The rise of different forms of e-payments has prompted the Government to call for a standardised format to ensure ease of use and convenience. Yasmine Yahya speaks to Jun Ting, 26, and Yar Hong Chiong, 25, the co-founders of start-up Aimazing that uses ultrasound waves to enable seamless e-payments across devices.
Q: How did Aimazing start?
Mr Ting: After I graduated from university in Taiwan in 2015, I went to China. At the time, I knew of Alipay and WeChat Pay and I knew they were strong in the e-commerce space. But I didn't know they were also strong offline. When I went to China, I saw that all the convenience shops and small merchants accepted Alipay and WeChat Pay.
After two months, I returned to Taiwan and wanted to start a mobile wallet, but the regulations there were too stringent - I had to put up NT$500 million (S$22.6 million) in capital to apply for the required licence - so I decided to go back home to Johor Baru.
I came to Singapore to do research and realised it had a very good start-up ecosystem. So I decided to start my business here.
At the time, I couldn't speak English. I started speaking English only when I started this firm. I would bring my cousin to Singapore to help me translate when I needed to communicate with people.
I started off by creating a mobile wallet. I got some free space at NUS Enterprise, built up a team and worked from there.
Q: What was the vision behind the mobile wallet you were creating?
Mr Ting: We wanted to have a unique selling point. For example, Singtel's Dash app uses NFC (near-field communication) while DBS PayLah! uses the QR code to make transactions.
We wanted to combine the advantages of both - we wanted our mobile wallet to make quick, seamless transactions like NFC allows, but have it supported by all smartphones, like the QR code.
At first, we experimented with using the smartphone flashlight but we soon gave up. Then we realised every smartphone has a speaker and microphone, so we tried using sound and found that it works.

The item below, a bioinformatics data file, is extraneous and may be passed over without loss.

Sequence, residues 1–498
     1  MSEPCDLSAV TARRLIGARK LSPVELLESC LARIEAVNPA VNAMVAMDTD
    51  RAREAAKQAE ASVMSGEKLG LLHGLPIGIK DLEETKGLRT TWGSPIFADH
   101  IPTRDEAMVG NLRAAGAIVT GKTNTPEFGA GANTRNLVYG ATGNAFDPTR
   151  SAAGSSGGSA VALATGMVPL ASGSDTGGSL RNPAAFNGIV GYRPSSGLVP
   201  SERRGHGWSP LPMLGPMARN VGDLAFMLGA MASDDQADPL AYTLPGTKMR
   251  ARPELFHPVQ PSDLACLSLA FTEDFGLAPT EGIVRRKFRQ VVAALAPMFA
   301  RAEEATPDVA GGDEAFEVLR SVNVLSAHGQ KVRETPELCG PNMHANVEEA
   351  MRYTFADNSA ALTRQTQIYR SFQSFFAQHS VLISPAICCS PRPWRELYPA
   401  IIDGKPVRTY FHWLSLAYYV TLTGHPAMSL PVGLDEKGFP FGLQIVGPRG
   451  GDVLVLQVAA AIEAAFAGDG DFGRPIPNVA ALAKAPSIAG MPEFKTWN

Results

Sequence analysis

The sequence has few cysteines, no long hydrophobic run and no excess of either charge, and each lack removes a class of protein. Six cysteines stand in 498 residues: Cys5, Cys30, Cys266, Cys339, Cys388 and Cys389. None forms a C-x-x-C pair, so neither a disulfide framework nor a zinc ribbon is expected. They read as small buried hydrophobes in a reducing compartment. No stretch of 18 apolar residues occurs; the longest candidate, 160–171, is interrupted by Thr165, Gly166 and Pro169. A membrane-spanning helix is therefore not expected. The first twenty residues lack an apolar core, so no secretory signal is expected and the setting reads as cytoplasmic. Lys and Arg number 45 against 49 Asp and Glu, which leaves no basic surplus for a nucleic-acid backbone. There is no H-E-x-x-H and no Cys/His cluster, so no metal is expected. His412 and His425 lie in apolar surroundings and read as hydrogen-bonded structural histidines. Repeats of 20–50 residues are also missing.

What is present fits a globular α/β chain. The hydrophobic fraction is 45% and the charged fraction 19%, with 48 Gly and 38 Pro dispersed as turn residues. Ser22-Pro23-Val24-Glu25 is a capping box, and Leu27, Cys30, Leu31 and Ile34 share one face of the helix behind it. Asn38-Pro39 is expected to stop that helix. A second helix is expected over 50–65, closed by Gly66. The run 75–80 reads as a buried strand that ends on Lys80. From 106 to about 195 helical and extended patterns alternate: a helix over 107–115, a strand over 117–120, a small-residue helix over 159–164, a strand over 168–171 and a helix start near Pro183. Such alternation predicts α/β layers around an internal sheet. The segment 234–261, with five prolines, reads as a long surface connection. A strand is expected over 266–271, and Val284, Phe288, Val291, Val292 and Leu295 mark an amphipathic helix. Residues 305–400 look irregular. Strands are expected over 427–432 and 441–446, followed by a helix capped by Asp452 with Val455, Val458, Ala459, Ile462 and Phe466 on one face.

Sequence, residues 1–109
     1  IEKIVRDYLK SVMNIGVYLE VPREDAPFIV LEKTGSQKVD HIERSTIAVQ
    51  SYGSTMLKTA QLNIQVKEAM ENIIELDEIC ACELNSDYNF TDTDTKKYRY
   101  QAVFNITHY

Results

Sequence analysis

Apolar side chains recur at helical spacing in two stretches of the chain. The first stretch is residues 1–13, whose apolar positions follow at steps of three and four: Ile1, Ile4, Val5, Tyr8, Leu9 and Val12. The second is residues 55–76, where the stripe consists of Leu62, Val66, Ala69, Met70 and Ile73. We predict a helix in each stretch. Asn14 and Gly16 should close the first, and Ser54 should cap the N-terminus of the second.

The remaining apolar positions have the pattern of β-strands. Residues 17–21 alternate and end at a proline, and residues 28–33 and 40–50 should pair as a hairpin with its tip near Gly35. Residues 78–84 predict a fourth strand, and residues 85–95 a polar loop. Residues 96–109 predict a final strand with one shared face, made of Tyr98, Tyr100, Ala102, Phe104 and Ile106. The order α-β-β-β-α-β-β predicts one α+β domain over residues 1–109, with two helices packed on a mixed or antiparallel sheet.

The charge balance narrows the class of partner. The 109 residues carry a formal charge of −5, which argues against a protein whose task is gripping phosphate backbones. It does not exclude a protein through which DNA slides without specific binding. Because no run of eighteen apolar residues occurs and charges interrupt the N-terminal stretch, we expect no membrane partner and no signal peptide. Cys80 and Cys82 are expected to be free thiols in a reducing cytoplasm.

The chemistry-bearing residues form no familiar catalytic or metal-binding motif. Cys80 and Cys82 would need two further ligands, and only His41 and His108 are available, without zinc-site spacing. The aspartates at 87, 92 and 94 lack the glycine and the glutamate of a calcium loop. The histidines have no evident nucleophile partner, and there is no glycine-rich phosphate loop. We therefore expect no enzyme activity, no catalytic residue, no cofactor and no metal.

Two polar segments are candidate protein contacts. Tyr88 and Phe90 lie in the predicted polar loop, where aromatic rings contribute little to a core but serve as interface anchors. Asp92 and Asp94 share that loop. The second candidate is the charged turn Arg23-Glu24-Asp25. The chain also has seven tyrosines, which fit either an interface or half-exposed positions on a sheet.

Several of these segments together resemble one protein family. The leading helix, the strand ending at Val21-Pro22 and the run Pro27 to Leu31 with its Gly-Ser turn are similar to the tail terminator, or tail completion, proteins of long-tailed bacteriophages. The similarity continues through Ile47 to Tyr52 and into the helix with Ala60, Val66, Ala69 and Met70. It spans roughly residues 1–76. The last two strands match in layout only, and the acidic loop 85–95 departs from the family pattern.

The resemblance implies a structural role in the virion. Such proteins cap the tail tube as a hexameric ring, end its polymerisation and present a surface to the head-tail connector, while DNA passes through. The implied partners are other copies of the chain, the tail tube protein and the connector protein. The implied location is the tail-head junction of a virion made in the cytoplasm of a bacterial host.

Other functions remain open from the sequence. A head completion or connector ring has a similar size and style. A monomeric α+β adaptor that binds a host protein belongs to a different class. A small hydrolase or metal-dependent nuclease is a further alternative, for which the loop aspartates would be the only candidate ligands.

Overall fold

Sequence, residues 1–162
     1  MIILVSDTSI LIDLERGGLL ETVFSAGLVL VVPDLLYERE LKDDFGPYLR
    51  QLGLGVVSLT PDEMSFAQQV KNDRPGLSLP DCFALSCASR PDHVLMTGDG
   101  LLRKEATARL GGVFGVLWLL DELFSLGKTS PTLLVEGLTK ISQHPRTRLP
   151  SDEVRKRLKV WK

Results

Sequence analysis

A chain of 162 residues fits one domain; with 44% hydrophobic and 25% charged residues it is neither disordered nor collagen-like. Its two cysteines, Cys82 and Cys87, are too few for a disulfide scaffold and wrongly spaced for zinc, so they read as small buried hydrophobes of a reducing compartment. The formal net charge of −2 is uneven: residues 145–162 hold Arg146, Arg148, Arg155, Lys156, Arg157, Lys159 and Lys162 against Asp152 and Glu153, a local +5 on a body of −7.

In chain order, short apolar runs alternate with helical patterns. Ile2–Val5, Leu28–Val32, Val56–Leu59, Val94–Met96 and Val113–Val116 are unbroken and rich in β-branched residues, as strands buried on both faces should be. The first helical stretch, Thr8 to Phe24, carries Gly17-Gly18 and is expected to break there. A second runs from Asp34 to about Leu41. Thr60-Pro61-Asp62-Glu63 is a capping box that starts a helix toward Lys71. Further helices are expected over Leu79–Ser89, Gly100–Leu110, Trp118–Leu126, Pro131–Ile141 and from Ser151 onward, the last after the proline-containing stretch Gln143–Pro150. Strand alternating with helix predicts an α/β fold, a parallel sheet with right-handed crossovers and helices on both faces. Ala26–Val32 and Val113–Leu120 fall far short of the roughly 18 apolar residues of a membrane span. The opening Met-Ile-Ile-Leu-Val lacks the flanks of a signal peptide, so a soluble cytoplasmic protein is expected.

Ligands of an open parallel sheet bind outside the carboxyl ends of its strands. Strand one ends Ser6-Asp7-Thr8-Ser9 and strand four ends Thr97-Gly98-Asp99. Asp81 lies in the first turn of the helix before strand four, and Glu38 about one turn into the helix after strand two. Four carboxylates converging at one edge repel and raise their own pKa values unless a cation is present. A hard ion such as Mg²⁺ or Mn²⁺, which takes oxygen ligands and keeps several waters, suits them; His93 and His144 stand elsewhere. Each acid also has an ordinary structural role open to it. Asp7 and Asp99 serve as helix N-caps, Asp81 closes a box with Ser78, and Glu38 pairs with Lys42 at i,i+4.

So the idea was to use sound in our mobile wallet and that would be our unique selling point. But after a year, we ran out of cash so we had two choices - raise more funds to sustain our business or pivot to business-to-business. We chose the second path.
Q: How did you make the pivot?
Mr Yar: As a mobile wallet company, it's very hard to differentiate from everyone else - there are so many big players in the market. So we took out the sound feature to sell to other developers of mobile wallets.
So, for example, take an e-payment app that uses NFC technology. Android users can use the app quite easily - they just tap their phone against the merchant's terminal and the transaction is done. But for Apple users, it's not so simple. They have to key in a merchant code first before they can make payment.
But if our technology is embedded into the e-payment app, everyone can tap and go.
Q: How does it work?
Mr Ting: The merchant can use its own point-of-sale terminal or smartphone and download an app. The user just has to hold his or her phone near the terminal or the merchant's phone when it's time to make payment.
When there's a beep, the transaction is completed. That's it.
So, for example, if the UOB Mighty app were to integrate our technology, the UOB customer just has to upgrade the app and then it would support this function.
Mr Yar: The sharp beep is the sound of a transaction confirmation, like the sound made when you tap your ez-link card.
When the user initiates a payment, he is broadcasting information through ultrasound and when the two devices - the merchant's terminal and the payer's phone - hear each other, the transaction is done.
Basically our algorithm allows the two devices to communicate with each other through ultrasound.
Q: What are your growth plans?
Mr Ting: Singapore and Taiwan are our "branding" markets but growth opportunities in these two markets are limited because many banks already have their own e-payment apps and infrastructure.
When we go to them, they say they've already invested millions in their system, so even if our technology is better and cheaper, they cannot really justify changing everything now.
So we are focusing our growth strategy on Indonesia and Thailand.
In Indonesia, there are only 70 million people with bank accounts but the population is around 250 million. Our technology could easily filter through to the second-and third-tier markets there.
We are partnering a conglomerate that has a large employee base. We will develop the whole mobile wallet system for it and use its branding on it.
Then users can download their mobile wallet to use it at their retail stores. The plan is for the employees to start using it first, which would be a good test case, before the app gets rolled out to customers.
From there, we hope to work with other big companies in Indonesia and Thailand which can give us access to the end customers.